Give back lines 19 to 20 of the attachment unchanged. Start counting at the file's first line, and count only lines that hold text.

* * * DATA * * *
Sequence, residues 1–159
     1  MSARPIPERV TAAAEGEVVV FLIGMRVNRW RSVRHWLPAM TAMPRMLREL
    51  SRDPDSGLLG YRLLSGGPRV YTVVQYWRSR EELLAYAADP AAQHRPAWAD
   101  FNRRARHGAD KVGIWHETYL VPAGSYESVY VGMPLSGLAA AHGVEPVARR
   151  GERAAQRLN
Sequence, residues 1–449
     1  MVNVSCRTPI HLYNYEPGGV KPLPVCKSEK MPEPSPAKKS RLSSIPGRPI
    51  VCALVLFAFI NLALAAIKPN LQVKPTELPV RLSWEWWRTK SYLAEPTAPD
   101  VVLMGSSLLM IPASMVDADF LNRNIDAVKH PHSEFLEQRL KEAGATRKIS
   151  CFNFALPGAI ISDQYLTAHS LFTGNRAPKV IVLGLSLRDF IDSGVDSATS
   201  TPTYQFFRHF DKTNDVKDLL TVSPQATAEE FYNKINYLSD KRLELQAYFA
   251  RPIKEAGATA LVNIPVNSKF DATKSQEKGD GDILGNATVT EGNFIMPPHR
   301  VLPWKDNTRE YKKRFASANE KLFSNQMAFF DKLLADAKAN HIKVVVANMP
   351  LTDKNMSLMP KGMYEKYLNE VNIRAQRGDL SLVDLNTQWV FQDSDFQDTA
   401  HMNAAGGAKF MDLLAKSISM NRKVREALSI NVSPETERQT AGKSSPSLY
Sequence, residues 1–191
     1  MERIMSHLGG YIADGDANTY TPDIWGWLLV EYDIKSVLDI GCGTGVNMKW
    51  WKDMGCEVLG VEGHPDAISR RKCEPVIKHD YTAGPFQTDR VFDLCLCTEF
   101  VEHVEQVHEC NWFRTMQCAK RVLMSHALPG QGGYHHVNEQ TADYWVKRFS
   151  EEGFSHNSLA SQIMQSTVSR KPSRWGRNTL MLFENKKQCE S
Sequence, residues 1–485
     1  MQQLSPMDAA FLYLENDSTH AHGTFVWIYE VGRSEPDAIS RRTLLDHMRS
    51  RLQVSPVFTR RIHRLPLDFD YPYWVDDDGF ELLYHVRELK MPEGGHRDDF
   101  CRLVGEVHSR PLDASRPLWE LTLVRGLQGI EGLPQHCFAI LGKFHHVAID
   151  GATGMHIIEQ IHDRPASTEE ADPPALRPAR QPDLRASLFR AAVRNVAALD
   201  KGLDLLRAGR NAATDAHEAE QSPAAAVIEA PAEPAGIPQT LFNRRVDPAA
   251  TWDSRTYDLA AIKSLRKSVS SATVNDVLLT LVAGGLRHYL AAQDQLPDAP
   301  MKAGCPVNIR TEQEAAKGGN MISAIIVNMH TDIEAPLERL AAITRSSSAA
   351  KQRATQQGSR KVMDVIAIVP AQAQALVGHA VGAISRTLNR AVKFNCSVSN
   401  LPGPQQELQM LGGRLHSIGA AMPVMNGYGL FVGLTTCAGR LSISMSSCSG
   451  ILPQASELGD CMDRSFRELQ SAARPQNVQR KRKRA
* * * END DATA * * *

   101  VEHVEQVHEC NWFRTMQCAK RVLMSHALPG QGGYHHVNEQ TADYWVKRFS
   151  EEGFSHNSLA SQIMQSTVSR KPSRWGRNTL MLFENKKQCE S